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Police: Ryan Dunn was drunk at time of crash

Ryan Dunn, one of the stars of the MTV daredevil reality show "Jackass," died in the early hours of June 20, 2011 at age 34 in a car crash in Pennsylvania. Dunn was drunk and his blood alcohol content was more than twice the legal limit when he crashed his Porsche in an accident that killed himself and a passenger. A West Goshen Police statement obtained by OnTheRedCarpet.com on Wednesday, June 22, said that Dunn's blood alcohol content was .196, according to the Chester County Coroner's Office. The legal limit in Pennsylvania is .08. The police also said an initial investigation of the crash showed that Dunn's vehicle was traveling between 132 and 140 miles per hour at the time of the collision. The official cause of death for the 34-year-old star of MTV's daredevil reality show and the other man, Zachary Hartwell, was determined to be blunt force trauma and thermal trauma, according to the Daily Local News. No other "drugs of abuse" were found in Dunn's system, police said, adding that the actor possessed a valid driver's license. Dunn's death was mourned by fans and his "Jackass" colleagues and friends, including Bam Margera, who broke down in tears on Tuesday as he visited the site of the accident. Film critic Roger Ebert later stirred anger after saying on his Twitter page that "Friends don't let jackasses drink and drive." He said on Tuesday he did not mean to insult Dunn and that his Tweet was "not intended as cruel." Dunn had posted a photo of himself and two other men holding what appear to be alcoholic drinks on his Tumblr page hours before the crash. The picture has since been removed. West Goshen Police Chief Michael Carroll said Dunn was at the restaurant Barnaby's of America in West Chester shortly before the crash occurred, the Daily Local News said, adding that the establishment, which contains a bar, has not commented. Dunn, who celebrated his 34th birthday on June 11, appeared on "Jackass" the series between 2000 and 2002 as well as in "Jackass" films such as "Jackass 3D." His daredevil stunts included shoving a toy car into his rectum - as seen in the first Jackass movie in 2002. Dunn also took part in spinoff shows such as "Viva La Bam" and "Bam's Unholy's Union." His new series, "Proving Ground," began airing on the cable network G4 on June 14. After his death, the channel pulled the show from its schedule indefinitely. Ebert, who turned 69 on June 18, is a Pulitzer Prize winning film critic for the Chicago Sun-Times. He launched a reboot of his famed "At The Movies" television series earlier this year. Ebert communicates mostly through a computer, as he lost the ability to speak due to reconstructive surgeries for thyroid cancer. Since 2006, Ebert has continued to review films and post messages on his Twitter account, which is followed by more than 472,000 people. (Pictured: Ryan Dunn appears in the G4 series 'Proving Ground.') (G4 / NBC Universal)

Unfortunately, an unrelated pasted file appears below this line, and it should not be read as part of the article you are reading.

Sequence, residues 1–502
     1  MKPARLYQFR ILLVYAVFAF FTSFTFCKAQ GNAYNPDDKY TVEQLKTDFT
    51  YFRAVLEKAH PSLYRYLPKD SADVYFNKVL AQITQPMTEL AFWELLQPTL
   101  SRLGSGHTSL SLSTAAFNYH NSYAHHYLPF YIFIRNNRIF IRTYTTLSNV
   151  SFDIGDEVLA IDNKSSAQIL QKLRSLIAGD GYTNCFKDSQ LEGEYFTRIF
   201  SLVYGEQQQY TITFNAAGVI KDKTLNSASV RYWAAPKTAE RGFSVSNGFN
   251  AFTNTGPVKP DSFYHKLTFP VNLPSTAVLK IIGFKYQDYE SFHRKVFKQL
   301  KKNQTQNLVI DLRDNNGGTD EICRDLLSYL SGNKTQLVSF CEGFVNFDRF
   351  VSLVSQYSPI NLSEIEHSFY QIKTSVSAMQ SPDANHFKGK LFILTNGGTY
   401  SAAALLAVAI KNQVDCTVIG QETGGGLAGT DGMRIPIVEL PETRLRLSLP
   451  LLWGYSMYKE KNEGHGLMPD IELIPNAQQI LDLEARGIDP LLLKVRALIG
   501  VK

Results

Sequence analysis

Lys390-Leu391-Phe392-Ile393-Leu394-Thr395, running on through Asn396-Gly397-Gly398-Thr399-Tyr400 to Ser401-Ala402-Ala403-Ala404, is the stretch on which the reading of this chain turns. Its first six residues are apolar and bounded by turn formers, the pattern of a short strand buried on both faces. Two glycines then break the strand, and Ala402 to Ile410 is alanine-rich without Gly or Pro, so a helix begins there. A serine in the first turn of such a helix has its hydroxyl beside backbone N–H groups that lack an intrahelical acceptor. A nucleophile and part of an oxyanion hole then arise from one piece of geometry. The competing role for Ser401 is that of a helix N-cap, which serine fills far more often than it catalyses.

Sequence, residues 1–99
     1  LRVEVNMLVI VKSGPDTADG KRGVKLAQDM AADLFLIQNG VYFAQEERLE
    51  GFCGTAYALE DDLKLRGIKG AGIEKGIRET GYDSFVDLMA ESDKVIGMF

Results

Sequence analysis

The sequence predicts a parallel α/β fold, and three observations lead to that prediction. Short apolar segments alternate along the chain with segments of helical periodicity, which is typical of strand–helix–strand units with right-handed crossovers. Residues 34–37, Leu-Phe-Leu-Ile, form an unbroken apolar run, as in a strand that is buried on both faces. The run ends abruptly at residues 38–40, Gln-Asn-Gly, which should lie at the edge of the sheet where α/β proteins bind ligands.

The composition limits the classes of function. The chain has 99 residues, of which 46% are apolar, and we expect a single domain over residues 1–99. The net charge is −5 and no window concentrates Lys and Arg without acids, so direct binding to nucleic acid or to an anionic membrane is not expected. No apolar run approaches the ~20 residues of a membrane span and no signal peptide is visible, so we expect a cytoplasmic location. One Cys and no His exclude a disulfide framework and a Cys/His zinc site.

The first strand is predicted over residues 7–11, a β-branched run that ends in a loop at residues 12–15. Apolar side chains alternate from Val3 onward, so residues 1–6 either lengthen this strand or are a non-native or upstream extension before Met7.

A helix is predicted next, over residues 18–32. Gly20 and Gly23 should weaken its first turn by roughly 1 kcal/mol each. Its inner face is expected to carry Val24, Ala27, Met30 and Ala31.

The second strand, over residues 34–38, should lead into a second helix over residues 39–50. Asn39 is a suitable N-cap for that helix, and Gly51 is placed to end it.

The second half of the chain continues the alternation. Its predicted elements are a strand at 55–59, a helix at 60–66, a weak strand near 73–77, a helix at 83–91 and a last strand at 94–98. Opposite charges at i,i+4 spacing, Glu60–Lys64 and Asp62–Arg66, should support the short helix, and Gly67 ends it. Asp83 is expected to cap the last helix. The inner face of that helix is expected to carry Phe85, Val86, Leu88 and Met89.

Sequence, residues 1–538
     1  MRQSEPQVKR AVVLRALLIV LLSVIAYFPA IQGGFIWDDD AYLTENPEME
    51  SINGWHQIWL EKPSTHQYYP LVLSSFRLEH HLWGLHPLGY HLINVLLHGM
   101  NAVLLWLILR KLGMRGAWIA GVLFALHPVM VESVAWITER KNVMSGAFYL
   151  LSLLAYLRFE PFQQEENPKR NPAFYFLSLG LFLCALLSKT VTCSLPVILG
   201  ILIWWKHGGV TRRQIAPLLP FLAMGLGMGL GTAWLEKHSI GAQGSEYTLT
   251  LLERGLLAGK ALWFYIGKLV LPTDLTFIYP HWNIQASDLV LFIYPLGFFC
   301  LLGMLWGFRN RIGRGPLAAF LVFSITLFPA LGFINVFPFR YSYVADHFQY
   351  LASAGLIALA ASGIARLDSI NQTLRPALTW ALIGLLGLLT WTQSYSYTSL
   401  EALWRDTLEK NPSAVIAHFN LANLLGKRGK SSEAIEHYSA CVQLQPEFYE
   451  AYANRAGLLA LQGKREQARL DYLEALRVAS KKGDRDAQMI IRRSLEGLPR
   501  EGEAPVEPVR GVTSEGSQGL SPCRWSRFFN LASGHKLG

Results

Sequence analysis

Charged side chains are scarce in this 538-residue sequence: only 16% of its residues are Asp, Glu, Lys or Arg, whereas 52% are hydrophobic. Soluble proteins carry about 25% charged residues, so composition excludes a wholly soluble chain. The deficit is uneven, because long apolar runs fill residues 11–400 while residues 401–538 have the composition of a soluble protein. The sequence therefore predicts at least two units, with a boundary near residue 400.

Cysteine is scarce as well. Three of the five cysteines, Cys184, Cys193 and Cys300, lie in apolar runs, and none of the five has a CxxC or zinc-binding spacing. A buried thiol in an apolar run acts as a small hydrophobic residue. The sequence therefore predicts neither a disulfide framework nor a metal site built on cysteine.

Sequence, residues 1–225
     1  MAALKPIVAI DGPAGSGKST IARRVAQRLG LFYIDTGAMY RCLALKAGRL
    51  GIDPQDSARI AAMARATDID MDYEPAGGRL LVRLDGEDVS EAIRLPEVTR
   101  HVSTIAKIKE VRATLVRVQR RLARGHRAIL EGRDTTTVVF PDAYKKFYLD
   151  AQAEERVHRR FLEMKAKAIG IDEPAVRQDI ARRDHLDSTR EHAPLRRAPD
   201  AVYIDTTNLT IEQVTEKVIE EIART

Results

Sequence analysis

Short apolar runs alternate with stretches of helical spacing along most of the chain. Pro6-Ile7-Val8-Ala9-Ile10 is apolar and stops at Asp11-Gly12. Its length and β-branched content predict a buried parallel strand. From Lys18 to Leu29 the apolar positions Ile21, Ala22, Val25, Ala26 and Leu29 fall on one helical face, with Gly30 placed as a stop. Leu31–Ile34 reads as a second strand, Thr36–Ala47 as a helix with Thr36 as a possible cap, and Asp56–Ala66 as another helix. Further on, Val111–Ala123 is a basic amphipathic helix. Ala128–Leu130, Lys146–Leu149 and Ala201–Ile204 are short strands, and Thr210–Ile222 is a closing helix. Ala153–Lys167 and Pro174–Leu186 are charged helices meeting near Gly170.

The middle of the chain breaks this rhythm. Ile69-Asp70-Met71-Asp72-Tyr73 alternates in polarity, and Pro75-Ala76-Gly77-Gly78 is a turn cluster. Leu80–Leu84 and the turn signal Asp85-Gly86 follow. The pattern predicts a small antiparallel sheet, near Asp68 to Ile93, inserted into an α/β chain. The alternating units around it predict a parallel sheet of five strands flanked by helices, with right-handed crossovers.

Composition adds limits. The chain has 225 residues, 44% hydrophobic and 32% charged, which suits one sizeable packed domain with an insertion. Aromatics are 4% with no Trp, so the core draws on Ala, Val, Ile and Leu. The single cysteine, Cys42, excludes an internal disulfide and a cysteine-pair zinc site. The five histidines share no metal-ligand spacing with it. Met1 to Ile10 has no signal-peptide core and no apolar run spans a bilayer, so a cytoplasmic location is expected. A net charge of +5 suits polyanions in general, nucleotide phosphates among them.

June 22, 2011 12:00:00 AM PDT
Police said on Wednesday that "Jackass" star Ryan Dunn was drunk at the time of his fatal accident in Pennsylvania.

A toxicology report showed that Dunn's blood-alcohol content was more than twice the legal limit for drivers.

Dunn and a passenger, identified as Zachary Hartwell, died in a fiery one-car crash early Monday morning. Police said Dunn was speeding and may have been going as fast as 140 mph when his Porsche veered off the roadway, went airborne and crashed into the woods in a Philadelphia suburb.

The Chester County coroner listed blunt force trauma and thermal trauma as the official causes of death for both men.

A few hours before the 3 a.m. crash, Dunn tweeted a picture of himself drinking with Hartwell and another friend. The photo has since been removed.

Movie critic Roger Ebert was under fire over his controversial Twitter message regarding Dunn's death. Referring to the photo of Dunn drinking with friends just hours before the accident, Ebert tweeted: "Friends don't let jackasses drink and drive."

The tweet prompted a landslide of Twitter messages and Facebook posts, some profane, criticizing Ebert.

Ebert later wrote in a Tuesday blog post, that he didn't mean to be cruel and "was probably too quick to tweet. That was unseemly."

The Associated Press contributed to this report.

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